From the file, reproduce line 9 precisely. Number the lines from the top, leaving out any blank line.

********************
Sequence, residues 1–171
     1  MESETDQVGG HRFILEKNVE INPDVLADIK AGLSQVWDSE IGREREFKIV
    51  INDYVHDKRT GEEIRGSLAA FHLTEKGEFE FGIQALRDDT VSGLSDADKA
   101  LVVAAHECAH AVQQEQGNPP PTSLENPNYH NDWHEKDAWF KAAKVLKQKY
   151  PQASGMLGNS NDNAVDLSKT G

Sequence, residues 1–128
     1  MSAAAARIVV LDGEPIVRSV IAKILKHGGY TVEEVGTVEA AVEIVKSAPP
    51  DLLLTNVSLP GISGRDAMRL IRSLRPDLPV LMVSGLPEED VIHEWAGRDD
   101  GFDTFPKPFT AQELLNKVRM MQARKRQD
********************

   101  GFDTFPKPFT AQELLNKVRM MQARKRQD